A 8 year old boy in Cumberland County Maine has been infected with the same H3N2 influenza virus that has previously infected three people in Pennsylvania and one in Indiana. This virus is apparently circulating in pigs in the US.
The people in Indiana and Pennsylvania were infected in late July and August 2011. The 8 year old boy in Maine became ill in early October 2011. He is reported to have been in close proximity to pigs at an agricultural fair. There is disagreement regarding the severity of her symptoms. Although most reports suggest that she was not hospitalised, one media source says that she was.
From Kennebec Journal, October 21, 2011
The Maine Center for Disease Control and Prevention is investigating a new type of swine flu that sickened a child in Cumberland County.
The agency has not provided any more details about who was affected or where, but said it is an isolated event in Maine and has not been detected in people who had contact with the child. The child was hospitalized and is recovering, it said.
The Maine CDC is recommending the following precautions for health care providers:
- Maintain a heightened awareness for influenza-like illness (ILI) defined as fever greater than 100° with cough or sore throat, in the absence of another known cause.
- Consider influenza testing by PCR for:
- patients with ILI with recent exposure to pigs.
- patients with ILI who are hospitalized,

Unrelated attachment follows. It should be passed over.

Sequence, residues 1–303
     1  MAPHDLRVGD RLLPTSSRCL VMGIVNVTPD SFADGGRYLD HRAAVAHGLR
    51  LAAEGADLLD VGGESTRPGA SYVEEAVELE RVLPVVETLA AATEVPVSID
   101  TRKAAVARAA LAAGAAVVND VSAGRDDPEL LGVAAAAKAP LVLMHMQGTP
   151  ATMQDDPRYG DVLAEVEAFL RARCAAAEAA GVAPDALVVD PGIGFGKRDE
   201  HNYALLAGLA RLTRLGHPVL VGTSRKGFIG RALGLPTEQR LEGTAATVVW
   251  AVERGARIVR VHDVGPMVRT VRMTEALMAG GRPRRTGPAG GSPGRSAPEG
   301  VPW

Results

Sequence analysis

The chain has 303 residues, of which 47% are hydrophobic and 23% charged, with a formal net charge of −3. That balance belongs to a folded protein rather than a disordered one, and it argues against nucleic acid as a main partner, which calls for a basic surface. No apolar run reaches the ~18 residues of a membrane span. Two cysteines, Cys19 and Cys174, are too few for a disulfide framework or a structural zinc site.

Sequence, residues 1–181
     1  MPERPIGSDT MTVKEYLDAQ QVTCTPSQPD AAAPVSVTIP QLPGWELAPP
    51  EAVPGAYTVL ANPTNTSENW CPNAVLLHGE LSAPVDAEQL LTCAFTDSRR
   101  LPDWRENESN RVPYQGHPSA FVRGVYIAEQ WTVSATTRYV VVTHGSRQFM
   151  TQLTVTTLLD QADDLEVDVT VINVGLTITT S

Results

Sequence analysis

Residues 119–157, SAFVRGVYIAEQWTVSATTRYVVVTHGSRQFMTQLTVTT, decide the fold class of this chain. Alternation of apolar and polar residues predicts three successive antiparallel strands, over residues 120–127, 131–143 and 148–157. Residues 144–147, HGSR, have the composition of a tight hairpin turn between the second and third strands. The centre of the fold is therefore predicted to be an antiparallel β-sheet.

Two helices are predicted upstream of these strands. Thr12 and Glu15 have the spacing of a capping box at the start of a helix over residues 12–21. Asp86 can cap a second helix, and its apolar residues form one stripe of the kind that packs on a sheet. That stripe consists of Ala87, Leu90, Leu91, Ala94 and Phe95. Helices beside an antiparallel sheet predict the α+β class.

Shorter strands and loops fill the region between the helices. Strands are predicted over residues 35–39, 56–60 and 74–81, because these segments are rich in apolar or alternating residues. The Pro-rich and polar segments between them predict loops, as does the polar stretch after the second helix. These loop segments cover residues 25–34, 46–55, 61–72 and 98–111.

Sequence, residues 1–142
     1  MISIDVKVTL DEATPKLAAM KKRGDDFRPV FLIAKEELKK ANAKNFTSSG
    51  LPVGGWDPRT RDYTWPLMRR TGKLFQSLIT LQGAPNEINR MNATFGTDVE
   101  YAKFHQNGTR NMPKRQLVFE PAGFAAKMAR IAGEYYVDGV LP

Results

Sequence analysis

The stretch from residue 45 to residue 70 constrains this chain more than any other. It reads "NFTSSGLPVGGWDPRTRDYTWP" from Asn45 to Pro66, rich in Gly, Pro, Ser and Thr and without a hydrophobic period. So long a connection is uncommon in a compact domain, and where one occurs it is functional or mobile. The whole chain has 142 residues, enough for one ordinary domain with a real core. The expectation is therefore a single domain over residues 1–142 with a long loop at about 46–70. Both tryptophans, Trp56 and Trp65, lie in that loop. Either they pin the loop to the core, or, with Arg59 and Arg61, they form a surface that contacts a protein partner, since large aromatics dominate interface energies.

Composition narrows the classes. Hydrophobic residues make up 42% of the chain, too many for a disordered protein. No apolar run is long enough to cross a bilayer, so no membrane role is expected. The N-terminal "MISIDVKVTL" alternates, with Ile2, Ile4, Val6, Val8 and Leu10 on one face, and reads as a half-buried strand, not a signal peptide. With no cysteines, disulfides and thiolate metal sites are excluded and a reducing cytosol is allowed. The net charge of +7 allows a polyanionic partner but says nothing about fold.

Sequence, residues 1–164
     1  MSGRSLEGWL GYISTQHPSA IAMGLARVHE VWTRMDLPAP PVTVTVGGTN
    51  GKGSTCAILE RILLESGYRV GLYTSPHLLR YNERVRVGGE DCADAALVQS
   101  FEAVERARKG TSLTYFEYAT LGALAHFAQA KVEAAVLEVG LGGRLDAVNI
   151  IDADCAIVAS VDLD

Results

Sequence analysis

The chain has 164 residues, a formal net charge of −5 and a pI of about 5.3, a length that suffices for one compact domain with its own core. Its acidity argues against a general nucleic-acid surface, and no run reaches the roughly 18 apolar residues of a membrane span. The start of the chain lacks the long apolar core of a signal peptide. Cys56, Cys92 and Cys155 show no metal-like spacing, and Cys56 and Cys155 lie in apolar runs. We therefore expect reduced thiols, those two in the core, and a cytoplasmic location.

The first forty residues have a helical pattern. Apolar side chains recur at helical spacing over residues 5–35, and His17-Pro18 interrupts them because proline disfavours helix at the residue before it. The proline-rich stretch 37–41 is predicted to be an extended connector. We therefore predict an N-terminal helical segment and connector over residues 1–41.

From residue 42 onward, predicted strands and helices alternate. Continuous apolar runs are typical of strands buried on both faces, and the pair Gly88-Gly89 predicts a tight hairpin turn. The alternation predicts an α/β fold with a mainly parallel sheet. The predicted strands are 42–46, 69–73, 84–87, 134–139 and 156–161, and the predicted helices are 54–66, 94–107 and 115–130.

- patients with ILI who have died,
- patients where a diagnosis of influenza would affect clinical care, infection control, or management of contacts.
The virus that infected the boy in Maine, the three people in Pennsylvania and the child in Indiana has a complex ancestry. The HA and NA genomic segments are originally derived from humans, but are different from those currently circulating in H3N2 human flu viruses. The PB1 genomic segment originated in humans. The PB2 and PA genomic segments originated in birds. The NP and NS genomic segments originated in pigs. The Matrix or M segment, came from the human 2009 pandemic H1N1 virus, apparently as a result of reassortment between a virus that has been circultating in pigs and the pandemic 2009 H1N1 virus.
Five individuals have now been reported to be infected with this virus within a relatively short time. Pig to human transmission is likely, although it is not know if this was due to direct contact or respiratory spread. Although sustained human to human spread of the new virus has not been reported, this could happen at any time. The virus could change further as result of reassortment, recombination or mutation.
Swine-Origin Influenza A (H3N2) Virus Infection in Two Children — Indiana and Pennsylvania, July–August 2011
Morbidity and Mortality Weekly Report (MMWR), September 9, 2011/60(35);1213-1215
[corrected age and gender of child based on new information, October 24, 2011. Hat-tip, Dr. Niman]